public interface IMailClient
{
    void SendMail(string address, string body);
}

Our AcmeMailClient will have to implement this interface:

public class AcmeMailClient : IMailClient
{
    public void SendMail(string address, string body)
    {
        // send mail here
    }
}

The second step is to accept an instance of this interface in the constructor of the class we want to test:

public class AlertService
{
    private readonly IMailClient _mailClient;

    public AlertService(IMailClient mailClient)
    {
        _mailClient = mailClient;
    }

    public void AlertForError()
    {
        var address = "admin@example.com";
        var body = "Something went wrong...";
        _mailClient.SendMail(address, body);
    }
}

The calling code is now responsible for creating the new instance. For example, in a simple ASP.NET Controller:

[ApiController]
[Route("[controller]")]
public class WebhookController : ControllerBase
{
    [HttpPost]
    public void Notify()
    {
        var mailClient = new AcmeMailClient();
        var alertService = new AlertService(mailClient);
        alertService.AlertForError();
    }
}

The code we want to test doesn’t care about the specific implementation or where the instance was created or by whom. This allows us to write a test with a fake implementation. We’ll be using Moq (https://github.com/moq) to create our fake instance, but you could use one of the many other mocking libraries for .NET like Rhino.Mocks (https://hibernatingrhinos.com/oss/rhino-mocks), NSubstitute (https://nsubstitute.github.io/) or FakeItEasy (https://fakeiteasy.github.io/). For our tests, I’ve chosen xUnit.net (https://xunit.net/) but again, there are other options like MSTest (https://github.com/microsoft/testfx) or NUnit (https://nunit.org/).

public class AlertServiceTests
{
    [Fact]
    public void AlertForError_ShouldSendEmail()
    {
        var mockMailClient = new Mock<IMailClient>();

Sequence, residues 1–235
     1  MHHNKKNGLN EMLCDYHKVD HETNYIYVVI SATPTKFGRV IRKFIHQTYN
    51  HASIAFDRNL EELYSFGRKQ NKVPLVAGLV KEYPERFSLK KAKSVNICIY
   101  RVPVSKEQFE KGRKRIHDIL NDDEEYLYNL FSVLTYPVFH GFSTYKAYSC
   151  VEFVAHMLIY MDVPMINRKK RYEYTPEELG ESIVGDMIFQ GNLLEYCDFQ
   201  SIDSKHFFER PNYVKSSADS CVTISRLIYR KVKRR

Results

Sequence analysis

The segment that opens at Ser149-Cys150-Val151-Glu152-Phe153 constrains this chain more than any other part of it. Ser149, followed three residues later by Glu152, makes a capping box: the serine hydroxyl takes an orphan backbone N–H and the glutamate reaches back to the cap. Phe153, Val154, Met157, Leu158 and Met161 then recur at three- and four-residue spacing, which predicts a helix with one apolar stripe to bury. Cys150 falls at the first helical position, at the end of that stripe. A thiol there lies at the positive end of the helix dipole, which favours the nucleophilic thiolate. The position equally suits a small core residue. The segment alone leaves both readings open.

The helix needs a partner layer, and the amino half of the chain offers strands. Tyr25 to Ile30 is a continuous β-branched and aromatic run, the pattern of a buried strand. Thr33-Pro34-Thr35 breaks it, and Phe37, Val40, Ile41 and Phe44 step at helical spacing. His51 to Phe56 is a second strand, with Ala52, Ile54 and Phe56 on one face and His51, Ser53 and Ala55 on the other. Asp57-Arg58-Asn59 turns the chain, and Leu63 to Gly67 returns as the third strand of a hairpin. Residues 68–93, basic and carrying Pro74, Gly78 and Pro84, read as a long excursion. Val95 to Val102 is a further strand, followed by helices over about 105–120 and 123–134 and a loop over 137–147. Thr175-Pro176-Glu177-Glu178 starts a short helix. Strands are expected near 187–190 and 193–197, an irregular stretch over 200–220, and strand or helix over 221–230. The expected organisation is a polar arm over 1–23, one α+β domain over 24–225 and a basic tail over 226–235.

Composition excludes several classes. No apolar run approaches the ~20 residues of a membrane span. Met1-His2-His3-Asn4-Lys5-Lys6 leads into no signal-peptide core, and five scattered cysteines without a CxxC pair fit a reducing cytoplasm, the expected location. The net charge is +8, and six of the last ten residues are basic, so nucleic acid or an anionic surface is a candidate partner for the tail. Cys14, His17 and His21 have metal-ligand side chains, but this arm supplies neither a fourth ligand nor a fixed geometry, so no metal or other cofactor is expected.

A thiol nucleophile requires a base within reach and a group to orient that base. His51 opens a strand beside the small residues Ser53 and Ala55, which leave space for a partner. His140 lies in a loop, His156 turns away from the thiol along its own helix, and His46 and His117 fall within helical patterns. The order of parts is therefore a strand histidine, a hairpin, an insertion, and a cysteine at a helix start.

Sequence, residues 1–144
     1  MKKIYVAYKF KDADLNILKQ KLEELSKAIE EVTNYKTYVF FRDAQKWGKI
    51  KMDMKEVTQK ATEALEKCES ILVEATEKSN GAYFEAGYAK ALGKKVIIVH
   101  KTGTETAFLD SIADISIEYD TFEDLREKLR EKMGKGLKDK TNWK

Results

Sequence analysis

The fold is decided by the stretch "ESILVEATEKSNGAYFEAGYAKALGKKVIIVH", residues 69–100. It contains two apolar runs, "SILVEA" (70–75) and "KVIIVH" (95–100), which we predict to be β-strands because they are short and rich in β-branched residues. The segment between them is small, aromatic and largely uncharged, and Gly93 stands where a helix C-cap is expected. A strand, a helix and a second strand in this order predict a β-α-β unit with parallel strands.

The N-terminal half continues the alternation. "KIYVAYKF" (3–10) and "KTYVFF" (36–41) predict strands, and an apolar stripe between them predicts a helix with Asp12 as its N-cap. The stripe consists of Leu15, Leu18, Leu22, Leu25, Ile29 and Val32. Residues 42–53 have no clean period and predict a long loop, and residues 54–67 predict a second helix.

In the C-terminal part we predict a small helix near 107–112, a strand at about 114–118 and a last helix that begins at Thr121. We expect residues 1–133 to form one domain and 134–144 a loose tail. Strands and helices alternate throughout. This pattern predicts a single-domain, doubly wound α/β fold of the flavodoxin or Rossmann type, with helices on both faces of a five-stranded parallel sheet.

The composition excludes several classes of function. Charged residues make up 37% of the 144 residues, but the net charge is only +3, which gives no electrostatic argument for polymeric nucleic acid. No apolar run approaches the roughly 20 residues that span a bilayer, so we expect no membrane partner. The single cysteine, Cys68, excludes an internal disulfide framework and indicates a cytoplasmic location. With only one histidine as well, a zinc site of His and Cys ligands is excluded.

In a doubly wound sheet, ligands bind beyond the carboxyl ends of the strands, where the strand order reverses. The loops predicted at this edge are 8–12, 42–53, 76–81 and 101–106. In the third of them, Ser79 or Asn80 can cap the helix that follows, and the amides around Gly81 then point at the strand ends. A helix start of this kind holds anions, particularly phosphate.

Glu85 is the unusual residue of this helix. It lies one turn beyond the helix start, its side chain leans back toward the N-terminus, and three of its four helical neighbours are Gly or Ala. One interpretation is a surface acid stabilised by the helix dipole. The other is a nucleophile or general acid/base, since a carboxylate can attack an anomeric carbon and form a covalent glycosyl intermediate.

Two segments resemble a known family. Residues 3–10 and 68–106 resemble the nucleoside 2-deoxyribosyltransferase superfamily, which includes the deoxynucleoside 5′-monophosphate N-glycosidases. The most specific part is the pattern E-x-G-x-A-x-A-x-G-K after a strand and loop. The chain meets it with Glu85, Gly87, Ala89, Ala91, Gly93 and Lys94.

var alertService = new AlertService(mockMailClient.Object);

        alertService.AlertForError();

        mockMailClient.Verify(x => x.SendMail("admin@example.com", "Something went wrong..."));
    }
}

Of course, you could say that we’ve just moved the problem elsewhere. Yes and no. Yes, because that is exactly all we did. But no, because it allowed us to write tests for this component. If you repeat this throughout your code, you’ll eventually have moved the constructor calls all the way up the call chain, to (more or less) the beginning of your application. This could mean you end up with this ugly (pseudo)code:

IService a = new A(new B(new C(), new D(), new E(new F(new G))));

But don’t panic. This was already happening before. It’s just very visible now. Now you can add an Inversion of Control container to do all the instantiating for you. Check out NuGet packages like Autofac (https://autofac.org/), Ninject (http://www.ninject.org/) or Microsoft.Extensions.DependencyInjection (https://docs.microsoft.com/en-us/dotnet/core/extensions/dependency-injection).

I won’t go into Dependency Injection too deeply, but it will allow you to pull apart tightly coupled pieces of code and put them under test. In your tests you would pass in fake implementations of the relevant interfaces.

But in your production code, this is what it could look like:

IService a = kernel.Get<IService>();

As long as you configured the Inversion of Control container correctly (i.e. defining which class should be used for which interface), this code will give you a new instance of the “A” class with all dependencies.

The important thing to keep in mind, is that we’re adding this so that we can get our code under test. Adding Dependency Injection makes it easier to write unit tests.

Talk the Talk

If you have access to developers that have worked with the code in the past, talk to them. They are an invaluable resource of knowledge. They might know the ins and outs of the project, the weird pieces of code and why they are the way they are. They may be able to tell you what to look out for, what the pitfalls of the project are. They’ll tell you things they’ve tried that didn’t work and things that did work. Even if they can’t tell you everything, they should be able to tell you something at least.

Make sure you don’t insult them. They wrote the code to the best of their ability, with the constraints that were present at the time (knowledge, time, budget, etc). You’re not there to judge. You just want to extract as much knowledge about the code as you can.

Another person (or group of persons) you will have to talk to is management. Both your direct managers or team leads as well as upper management. They have to know you’re going to invest time and effort into this and that things may break along the way (but often they’re breaking constantly anyway). They have to support you in this or the whole journey will be very frustrating.

Look Closely

Legacy code is notoriously unstable. Things are often breaking, and teams find themselves spending too much time fixing bugs and keeping the system up and running.